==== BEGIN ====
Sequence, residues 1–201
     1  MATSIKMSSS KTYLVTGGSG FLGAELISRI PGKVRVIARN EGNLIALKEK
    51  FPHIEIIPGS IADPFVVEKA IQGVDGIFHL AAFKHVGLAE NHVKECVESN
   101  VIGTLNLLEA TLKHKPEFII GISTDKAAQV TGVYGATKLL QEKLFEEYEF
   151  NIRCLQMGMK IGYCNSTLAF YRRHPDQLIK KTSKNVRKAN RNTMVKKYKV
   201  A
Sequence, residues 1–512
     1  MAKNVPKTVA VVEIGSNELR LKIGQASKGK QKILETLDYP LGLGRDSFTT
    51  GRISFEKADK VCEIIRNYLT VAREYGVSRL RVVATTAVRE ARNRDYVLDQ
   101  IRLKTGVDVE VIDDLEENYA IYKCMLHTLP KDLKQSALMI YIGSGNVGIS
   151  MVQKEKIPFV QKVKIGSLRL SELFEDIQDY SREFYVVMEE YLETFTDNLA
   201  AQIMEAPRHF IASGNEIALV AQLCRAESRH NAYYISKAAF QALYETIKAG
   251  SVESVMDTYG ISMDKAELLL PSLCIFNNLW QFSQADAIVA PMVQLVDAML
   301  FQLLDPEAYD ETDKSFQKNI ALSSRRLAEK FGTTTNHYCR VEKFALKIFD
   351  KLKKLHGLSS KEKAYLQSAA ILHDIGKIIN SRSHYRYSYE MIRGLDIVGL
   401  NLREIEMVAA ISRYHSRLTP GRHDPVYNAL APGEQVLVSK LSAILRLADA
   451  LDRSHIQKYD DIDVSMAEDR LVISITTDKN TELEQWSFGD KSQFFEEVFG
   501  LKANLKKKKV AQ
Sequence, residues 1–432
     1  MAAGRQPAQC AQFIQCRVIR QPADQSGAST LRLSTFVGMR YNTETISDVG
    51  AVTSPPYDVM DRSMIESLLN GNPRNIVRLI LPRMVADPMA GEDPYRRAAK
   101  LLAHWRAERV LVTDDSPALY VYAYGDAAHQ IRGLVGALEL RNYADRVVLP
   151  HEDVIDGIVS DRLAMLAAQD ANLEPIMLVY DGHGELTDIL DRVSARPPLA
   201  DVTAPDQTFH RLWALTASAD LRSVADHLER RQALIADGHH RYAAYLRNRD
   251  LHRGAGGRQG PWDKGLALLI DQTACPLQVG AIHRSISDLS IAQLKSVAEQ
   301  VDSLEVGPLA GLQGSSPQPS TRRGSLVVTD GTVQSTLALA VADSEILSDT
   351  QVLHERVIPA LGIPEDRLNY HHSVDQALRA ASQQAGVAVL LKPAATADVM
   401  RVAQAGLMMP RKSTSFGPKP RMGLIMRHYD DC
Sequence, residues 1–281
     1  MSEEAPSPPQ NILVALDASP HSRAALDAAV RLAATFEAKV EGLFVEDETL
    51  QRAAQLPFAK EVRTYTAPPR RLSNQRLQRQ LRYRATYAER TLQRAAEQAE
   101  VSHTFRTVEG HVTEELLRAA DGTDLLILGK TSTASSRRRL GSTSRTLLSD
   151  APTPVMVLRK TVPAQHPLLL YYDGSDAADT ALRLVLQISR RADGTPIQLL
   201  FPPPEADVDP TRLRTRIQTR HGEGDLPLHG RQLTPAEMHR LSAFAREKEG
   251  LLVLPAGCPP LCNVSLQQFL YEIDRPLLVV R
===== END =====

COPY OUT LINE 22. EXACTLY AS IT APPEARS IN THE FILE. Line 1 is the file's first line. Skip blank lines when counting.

   101  LLAHWRAERV LVTDDSPALY VYAYGDAAHQ IRGLVGALEL RNYADRVVLP